'I wonder what he'd call moderation?' said Charles; and they discussed this question so earnestly that the dinner-bell rang before they had picked any flowers at all.

The Wonderful Garden -p043.jpg

'How beautifully everything grows here.'

The gate at the end of the garden was open, and they went out that way. Over the gate was a stone with words on it and a date. They stopped to spell out the carved letters:

Caroline copied the last two words in her grey-covered pocket-book; and when Mrs. Wilmington came in to carve the mutton, Caroline asked what the words meant.

'I never inquired,' said the housekeeper. 'It must be quite out of date now, whatever it meant once. But you must have been in the garden to see that. How did you get in?'

An awkward question. There was nothing for it but to say:

'By the secret passage.' And Charles said it.

'No one uses that but your uncle,' said Mrs. Wilmington, 'and you were requested to keep out of doors till dinner-time.'

She shut her mouth with a snap, and went on carving.

'Sorry,' said Caroline.

'Granted,' returned Mrs. Wilmington, but not cordially; and having placed two slices of mutton on each plate she went away.

'It is jolly having meals by ourselves,' said Charlotte; 'only I wish she wasn't cross.'

'We ought to be extra manner-y, I expect, when we're by ourselves,' observed Caroline. 'May I pass you the salt, Charles?'

'No, you mayn't,' answered Charles. 'Thank you, I mean; but there's one at each corner. That's one each for us, and one over for——'

'For her.' Charlotte pointed to the picture of the dark-eyed, fair-haired lady.

'Let's put a chair for her,' said Charlotte, 'and pretend she's come to dinner, then we shall have to behave like grown-up people.'

'I never can remember about behaving.' satd Charles wearily; 'such a lot of things—and none of them seem to matter. Why shouldn't you drink with your mouth full? It’s your own mouth.'

'And eating peas with your knife. I think it would be as good as conjuring, doing it without cutting yourself—Charlotte tried to lift the peas from her plate with her knife—'let alone the balancing,' she added, as they rolled off among the mutton.

'Don't,' said Caroline. 'She's looking at you. Charles, you're the only gentleman, worse luck—I wish I was a boy—put a chair for her.'

And a large, green-seated chair, whose mahogany back was inlaid with a brass scroll pattern, was wheeled to the empty space on the fourth side of the table.

'Now we must none of us look at her—in the picture, I mean. And then we can't be sure that she isn't sitting in that chair.' said Caroline.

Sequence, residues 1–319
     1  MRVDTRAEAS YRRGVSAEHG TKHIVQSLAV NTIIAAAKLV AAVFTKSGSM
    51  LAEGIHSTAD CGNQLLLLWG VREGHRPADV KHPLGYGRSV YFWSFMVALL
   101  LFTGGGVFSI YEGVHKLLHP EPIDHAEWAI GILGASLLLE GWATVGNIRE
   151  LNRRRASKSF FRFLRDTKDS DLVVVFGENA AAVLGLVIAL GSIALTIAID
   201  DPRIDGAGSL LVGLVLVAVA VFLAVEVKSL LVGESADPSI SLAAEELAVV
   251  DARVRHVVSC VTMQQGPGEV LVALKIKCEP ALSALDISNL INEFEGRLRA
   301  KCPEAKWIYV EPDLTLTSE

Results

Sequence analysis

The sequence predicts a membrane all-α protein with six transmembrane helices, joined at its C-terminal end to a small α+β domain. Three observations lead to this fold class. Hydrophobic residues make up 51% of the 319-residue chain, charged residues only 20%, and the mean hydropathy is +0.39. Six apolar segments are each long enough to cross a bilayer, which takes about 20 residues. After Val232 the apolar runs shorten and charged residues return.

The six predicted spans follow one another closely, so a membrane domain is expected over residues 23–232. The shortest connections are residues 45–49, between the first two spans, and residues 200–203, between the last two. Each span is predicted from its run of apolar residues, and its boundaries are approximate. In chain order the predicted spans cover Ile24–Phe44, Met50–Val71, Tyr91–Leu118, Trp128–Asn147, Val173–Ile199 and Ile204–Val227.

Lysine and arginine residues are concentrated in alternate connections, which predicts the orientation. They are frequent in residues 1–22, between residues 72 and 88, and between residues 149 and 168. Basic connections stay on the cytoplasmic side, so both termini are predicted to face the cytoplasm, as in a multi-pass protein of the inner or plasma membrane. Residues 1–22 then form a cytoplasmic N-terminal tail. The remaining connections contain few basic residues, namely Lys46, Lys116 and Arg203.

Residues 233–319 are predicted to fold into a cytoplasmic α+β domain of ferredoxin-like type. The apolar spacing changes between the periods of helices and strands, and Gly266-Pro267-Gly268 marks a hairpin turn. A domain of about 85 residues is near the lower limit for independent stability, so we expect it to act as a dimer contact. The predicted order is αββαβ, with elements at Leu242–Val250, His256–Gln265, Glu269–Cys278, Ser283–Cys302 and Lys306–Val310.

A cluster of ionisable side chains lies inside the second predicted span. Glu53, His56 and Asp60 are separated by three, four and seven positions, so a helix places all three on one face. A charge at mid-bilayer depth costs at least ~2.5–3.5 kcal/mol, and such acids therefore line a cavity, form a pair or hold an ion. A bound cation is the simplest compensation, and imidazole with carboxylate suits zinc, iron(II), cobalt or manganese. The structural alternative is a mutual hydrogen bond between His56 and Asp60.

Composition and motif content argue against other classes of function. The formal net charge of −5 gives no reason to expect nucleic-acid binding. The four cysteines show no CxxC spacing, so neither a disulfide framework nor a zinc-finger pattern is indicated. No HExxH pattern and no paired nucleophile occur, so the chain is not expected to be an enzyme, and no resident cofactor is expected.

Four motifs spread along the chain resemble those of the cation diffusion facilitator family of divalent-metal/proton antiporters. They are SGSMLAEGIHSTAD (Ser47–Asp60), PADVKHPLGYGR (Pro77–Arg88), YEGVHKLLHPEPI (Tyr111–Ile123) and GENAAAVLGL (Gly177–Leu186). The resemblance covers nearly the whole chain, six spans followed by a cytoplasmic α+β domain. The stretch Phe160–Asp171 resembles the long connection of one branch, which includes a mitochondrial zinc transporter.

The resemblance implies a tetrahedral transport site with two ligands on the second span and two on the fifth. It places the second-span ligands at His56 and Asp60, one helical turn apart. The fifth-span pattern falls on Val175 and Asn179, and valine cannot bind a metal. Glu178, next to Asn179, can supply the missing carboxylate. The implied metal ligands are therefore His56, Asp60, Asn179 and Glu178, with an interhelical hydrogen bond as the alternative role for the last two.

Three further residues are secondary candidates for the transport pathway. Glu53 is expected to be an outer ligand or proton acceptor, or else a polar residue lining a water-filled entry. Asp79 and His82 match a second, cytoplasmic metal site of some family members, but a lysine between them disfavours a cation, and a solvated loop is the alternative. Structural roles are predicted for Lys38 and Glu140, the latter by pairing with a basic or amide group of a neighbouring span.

After dinner Caroline looked up 'Remorse's regret' in The Language of Flowers. It was agreed that Mrs. Wilmington had better have a bouquet.

'Brambles,' Caroline said, her finger in the book, 'they're Remorse—but they wouldn't make a very comfortable nosegay. And Regret's verbena, and I don't even know what it is.'

'Put pansies with the brambles,' said Charlotte; 'that'll be thoughts of remorse.'

So the housekeeper, coming down very neat in her afternoon dress of shiny black alpaca, was met by a bunch of pansies.

'To show we think we're remorsish about the secret stairs,' said Charlotte; 'and look out, because the brambles are the remorse and they prick like Billy-o!'

Mrs. Wilmington smiled, and looked quite nice-looking.

'Thank you,' she said. 'I am sure you will remember not to repeat the fault.'

Which wasn't the nicest way of receiving a remorse-bouquet; but then, as Charlotte remarked, perhaps she couldn't help not knowing the nice ways. And, anyhow, she seemed pleased, and that was the great thing, as Caroline pointed out.

Then, having done something to please Mrs. Wilmington, they longed to do something to please someone else, and the Uncle was the only person they could think of doing anything to please.

'Suppose we arranged all the books in the dining-room bookcases, in colours—all the reds together and all the greens, and the ugly ones all on a shelf together,' Charlotte suggested. And the others agreed. So that the afternoon flew by like any old bird, as Caroline put it; and when tea came the floor and sofa and chairs were covered with books, and one shelf was gay with red books and half a shelf demure in green—

'Your uncle isn't coming home to-day,' said Mrs. Wilmington, 'and I'm sure it's just as well. 'What a mess! Here, let me put them back, while you go and wash your hands.'

'We'll put them back,' the children said, but in vain. They had to go to wash their hands, and Mrs. Wilmington continued to put the books back all the time they were having tea. Patiently and carefully she did it, not regarding the colours at all, and her care and her patience seemed to say, more loudly than any words she could have spoken, 'Yes; there you sit, having your nice tea—and I cannot have my tea, because I have to clear up after you. But I do not complain. No.'

They would have preferred that she should complain. But they couldn't say so.